By Daniel Cressey

A sticky species of beetle has inspired researchers to develop a device that uses switchable 'liquid bridges' to attach to a variety of surfaces.

Bioengineers Michael Vogel and Paul Steen, of Cornell University in Ithaca, New York, based their device on a technique used by the leaf beetle, which sticks to leaves using the combined surface tension of many drops working in concert to generate an adhesion force of more than 100 times its own body weight.

The device consists of a plate punctured with hundreds of tiny holes, through which liquid is pumped. Pushing droplets through these holes creates 'liquid bridges' when the plate comes close enough to another surface, generating an adhesive force through surface tension, they report in Proceedings of the National Academy of Sciences USA.

"It's an example of things to come," says Steen. "We might have something [commercial] in five years using these types of controllable capillary surfaces."

Researchers have previously attempted to mimic the mechanism that geckos use to run up vertical surfaces. Gecko feet are thought to rely on dry adhesion, with nanofibres creating the stickiness through Van der Waals forces. This differs from the leaf beetle's tactic of wet adhesion, in which the combined force of the surface tension of multiple droplets can be hugely powerful.

Vogel and Steen learned of the leaf beetle Hemisphaerota cyanea from the work of insect researcher Thomas Eisner2. In 2000, Eisner and his colleague Daniel Aneshansley, both also at Cornell, reported that this beetle could withstand pulling forces of around 60 times its own body weight for 2 minutes, and could even withstand far stronger forces for brief periods.

Three-plate trick

There are no solid moving parts in Vogel and Steen's device. Instead it consists of three plates: a bottom plate acts as a reservoir for the fluid used to create the liquid bridges; below that sits a porous plate dotted with lots of small holes through which the droplets protrude, sandwiched by a third plate. The team initially used water in the reservoir, but they found that if the holes in the device were very small, water evaporated too quickly and oil had to be used instead.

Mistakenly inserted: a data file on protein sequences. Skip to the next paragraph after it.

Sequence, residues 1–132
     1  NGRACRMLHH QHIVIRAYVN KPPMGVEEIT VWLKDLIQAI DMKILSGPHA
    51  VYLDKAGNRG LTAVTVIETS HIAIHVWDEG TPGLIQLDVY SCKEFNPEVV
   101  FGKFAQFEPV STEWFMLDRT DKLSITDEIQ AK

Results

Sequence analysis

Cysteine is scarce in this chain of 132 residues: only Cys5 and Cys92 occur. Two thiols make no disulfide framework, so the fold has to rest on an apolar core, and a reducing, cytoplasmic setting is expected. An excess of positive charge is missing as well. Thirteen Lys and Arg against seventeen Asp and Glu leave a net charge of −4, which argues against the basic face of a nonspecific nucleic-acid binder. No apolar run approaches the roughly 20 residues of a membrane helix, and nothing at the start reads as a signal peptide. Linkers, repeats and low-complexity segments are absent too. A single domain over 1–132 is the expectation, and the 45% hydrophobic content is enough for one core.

The researchers pushed liquid through the plate in just a fraction of a second by applying a low-voltage pulse that drives a process known as electro-osmotic flow.

As the liquid squeezes through the holes in the porous plate, the droplets form bridges to the third plate, which is held at a set distance from the reservoir using spacers. When turned upside down, the device can hold the third plate and small payloads attached to it. Each individual droplet sticks to the surface with a tiny force, but the combined strength of hundreds of droplets allows the device to stick.

Pumping the water back unsticks the device again. Both of the states are stable, so the applied voltage is used only to switch between them.

Vogel and Steen show that the strength with which their device adheres to surfaces is inversely related to the size of the liquid droplets. "The real engineering challenge is to scale the holes down," says Steen. The pair think that there is "no reason" why the holes can't be scaled down to around 0.1 micrometres (m).

In its current form, the holes in the device are around 150 m in diameter and it can hold a weight of about 10 grams per centimetre square. Reducing the holes to 0.1 m across should enable up to 13 kilograms to be suspended from a device measuring 1 centimetre square.

At very small hole sizes, the adhesive strength of the device approaches that of commercial adhesives, but unlike the device, these lack the ability to quickly switch between stuck and unstuck states.

"I am very impressed," says Jon Barnes, a biologist who works on bio-adhesion technologies at the University of Glasgow, UK. "Whereas animal adhesion has lots of features that should be really exciting and developable, to date the results have been a little disappointing." But Vogel and Steen's device is "particularly promising", he says.